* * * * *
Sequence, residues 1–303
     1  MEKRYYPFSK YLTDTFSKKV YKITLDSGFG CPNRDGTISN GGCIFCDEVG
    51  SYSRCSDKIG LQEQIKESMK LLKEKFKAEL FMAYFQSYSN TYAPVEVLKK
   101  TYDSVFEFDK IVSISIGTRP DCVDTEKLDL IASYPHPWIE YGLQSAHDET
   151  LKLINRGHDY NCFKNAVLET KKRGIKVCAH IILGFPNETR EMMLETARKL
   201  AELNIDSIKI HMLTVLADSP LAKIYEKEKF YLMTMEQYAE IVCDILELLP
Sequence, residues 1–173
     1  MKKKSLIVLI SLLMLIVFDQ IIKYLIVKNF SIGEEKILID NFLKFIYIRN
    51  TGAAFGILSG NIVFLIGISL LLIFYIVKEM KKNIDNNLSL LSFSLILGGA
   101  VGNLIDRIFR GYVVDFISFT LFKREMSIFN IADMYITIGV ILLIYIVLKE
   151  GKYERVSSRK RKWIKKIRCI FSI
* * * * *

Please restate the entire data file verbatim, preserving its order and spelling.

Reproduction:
Sequence, residues 1–303
     1  MEKRYYPFSK YLTDTFSKKV YKITLDSGFG CPNRDGTISN GGCIFCDEVG
    51  SYSRCSDKIG LQEQIKESMK LLKEKFKAEL FMAYFQSYSN TYAPVEVLKK
   101  TYDSVFEFDK IVSISIGTRP DCVDTEKLDL IASYPHPWIE YGLQSAHDET
   151  LKLINRGHDY NCFKNAVLET KKRGIKVCAH IILGFPNETR EMMLETARKL
   201  AELNIDSIKI HMLTVLADSP LAKIYEKEKF YLMTMEQYAE IVCDILELLP
Sequence, residues 1–173
     1  MKKKSLIVLI SLLMLIVFDQ IIKYLIVKNF SIGEEKILID NFLKFIYIRN
    51  TGAAFGILSG NIVFLIGISL LLIFYIVKEM KKNIDNNLSL LSFSLILGGA
   101  VGNLIDRIFR GYVVDFISFT LFKREMSIFN IADMYITIGV ILLIYIVLKE
   151  GKYERVSSRK RKWIKKIRCI FSI